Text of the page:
ALGM Price Correlated With Financials For Allegro MicroSystems
Free historical financial statements for Allegro MicroSystems Inc.. See how revenue, income, cash flow, and balance sheet financials have changed over 9 quarters since 2020. Compare with ALGM stock chart to see long term trends.
Nature of the Business and Basis of Presentation Allegro MicroSystems, Inc., together with its consolidated subsidiaries (“AMI” or the “Company”), is a global leader in designing, developing and manufacturing sensing and power solutions for motion control and energy-efficient systems in automotive and industrial markets. The Company was incorporated under the laws of Delaware on March 30, 2013 under the name of Sanken North America, Inc. (“SKNA”) as a wholly owned subsidiary of Sanken Electric Co., Ltd. (“Sanken”). In October 2017, Sanken sold 28.8% of the common stock of SKNA to One Equity Partners (“OEP”). In April 2018, SKNA filed a certificate of amendment in the state of Delaware to change its name to Allegro MicroSystems, Inc. The Company is headquartered in Manchester, New Hampshire and has a global footprint with 16 locations across four continents.
On November 2, 2020, the Company completed its Initial Public Offering (“IPO”) of 28,750,000 shares of its common stock at an offering price of $14.00 per share, of which 25,000,000 shares were sold by the Company and 3,750,000 shares were sold by selling stockholders, resulting in net proceeds to the Company of approximately $321,425 after deducting $20,125 of underwriting discounts and $8,450 of offering costs. The Company’s common stock is now listed on the Nasdaq Global Select Market under the ticker symbol “ALGM.”
On March 28, 2020, the Company entered into an agreement to divest a majority of its ownership interest in Polar Semiconductor, Inc. (“PSL”) to Sanken, in order to better align with its fabless, asset-lite scalable manufacturing strategy (the “PSL Divestiture”). In order to affect this in-kind, non-cash transaction, Sanken contributed the forgiveness of the fair value of the entire related party notes payable of $42,700 owed to Sanken and the Company contributed the forgiveness of the fair value of $15,000 out of the $66,377 total debt owed by PSL to the Company, which was previously eliminated in consolidation. The entire net receivable balance of $51,377 plus accrued interest of $762 was repaid on October 14, 2020. Following the divestiture, Sanken held a 70% majority share in PSL with the Company retaining a 30% minority shareholder interest. The investment was recorded for the 30%, totaling $25,250 at the divestiture date. Beginning with reporting periods on and after March 28, 2020, the investment is included on the Company’s balance sheet as an equity investment in a related party, including $1,007 and $1,413 of income earned during the fiscal years ended March 25, 2022 and March 26, 2021.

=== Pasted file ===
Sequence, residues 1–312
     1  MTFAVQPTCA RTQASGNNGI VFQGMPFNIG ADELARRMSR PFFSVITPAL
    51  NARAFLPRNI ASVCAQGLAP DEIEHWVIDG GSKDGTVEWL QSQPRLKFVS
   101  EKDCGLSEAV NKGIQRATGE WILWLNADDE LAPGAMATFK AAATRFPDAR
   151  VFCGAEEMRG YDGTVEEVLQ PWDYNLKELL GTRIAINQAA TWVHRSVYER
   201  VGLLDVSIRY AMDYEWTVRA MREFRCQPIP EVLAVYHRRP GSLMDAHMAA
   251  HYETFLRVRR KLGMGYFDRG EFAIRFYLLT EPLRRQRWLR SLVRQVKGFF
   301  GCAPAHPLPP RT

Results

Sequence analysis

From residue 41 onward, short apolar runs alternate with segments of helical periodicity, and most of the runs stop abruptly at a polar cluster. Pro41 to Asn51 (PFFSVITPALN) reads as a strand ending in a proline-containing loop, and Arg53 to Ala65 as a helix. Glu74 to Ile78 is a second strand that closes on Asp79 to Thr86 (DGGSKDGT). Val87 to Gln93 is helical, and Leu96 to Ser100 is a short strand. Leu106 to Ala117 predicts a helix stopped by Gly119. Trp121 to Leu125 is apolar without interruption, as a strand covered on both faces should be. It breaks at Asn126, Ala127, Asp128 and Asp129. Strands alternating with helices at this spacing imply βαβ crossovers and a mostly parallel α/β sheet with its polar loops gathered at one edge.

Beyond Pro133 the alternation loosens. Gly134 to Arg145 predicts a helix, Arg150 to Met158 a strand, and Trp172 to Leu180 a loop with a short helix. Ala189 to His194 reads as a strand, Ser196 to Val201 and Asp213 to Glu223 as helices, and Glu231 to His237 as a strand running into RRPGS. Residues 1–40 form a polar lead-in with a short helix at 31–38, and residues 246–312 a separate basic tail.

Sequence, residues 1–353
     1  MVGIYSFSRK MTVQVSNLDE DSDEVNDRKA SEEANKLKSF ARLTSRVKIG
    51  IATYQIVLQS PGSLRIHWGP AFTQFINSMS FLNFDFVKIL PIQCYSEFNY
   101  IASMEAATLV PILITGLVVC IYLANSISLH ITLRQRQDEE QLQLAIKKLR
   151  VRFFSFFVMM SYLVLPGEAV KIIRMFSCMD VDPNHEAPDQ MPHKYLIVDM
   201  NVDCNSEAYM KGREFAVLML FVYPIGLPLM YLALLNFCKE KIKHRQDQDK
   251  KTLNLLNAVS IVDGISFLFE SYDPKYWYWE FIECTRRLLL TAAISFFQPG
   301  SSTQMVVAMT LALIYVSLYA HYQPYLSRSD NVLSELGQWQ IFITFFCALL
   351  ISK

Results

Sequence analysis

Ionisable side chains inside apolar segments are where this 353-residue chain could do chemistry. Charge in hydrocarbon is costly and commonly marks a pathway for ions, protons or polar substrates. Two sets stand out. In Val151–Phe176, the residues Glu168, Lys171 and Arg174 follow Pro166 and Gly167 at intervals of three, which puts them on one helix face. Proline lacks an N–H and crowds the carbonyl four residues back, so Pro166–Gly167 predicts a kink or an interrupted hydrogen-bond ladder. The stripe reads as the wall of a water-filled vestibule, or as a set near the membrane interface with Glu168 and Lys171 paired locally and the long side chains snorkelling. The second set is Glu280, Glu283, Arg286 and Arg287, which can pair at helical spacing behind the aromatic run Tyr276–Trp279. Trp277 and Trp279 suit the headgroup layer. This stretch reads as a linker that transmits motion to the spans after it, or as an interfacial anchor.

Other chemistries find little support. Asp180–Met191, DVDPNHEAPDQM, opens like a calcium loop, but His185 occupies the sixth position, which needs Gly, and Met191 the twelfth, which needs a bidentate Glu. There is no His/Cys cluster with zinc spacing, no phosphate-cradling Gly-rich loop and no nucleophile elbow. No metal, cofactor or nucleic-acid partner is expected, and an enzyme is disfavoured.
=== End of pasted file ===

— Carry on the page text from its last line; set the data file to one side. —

In addition, the difference between the fair value contributed by both parties at the consummation of this transaction and the book value was treated as an adjustment of capitalization changes related to organizational structure of affiliates and direct and indirect interests in subsidiaries within additional paid-in capital of $19,165 at March 26, 2021. This amount includes an estimated tax effect of $1,552 for the fiscal year ended March 26, 2021.
On March 28, 2020, in connection with the divestiture described above, the Company also formally terminated its distribution agreement with Sanken to distribute Sanken’s products and entered into a transitional services agreement with PSL, which contracted with Sanken as its new channel for fulfillment of Sanken product sales in North America and Europe. Sanken will continue to provide distribution support for the Company’s products in Japan. See Note 21, “Related Party Transactions” for further discussion.
Impact of the COVID-19 Pandemic
On March 11, 2020, the COVID-19 outbreak was declared a pandemic by the World Health Organization. The pandemic has resulted in governments around the world implementing increasingly stringent measures to help control the spread of the virus, including quarantines, “shelter in place” and “stay at home” orders, travel restrictions, business curtailments, school closures and other mea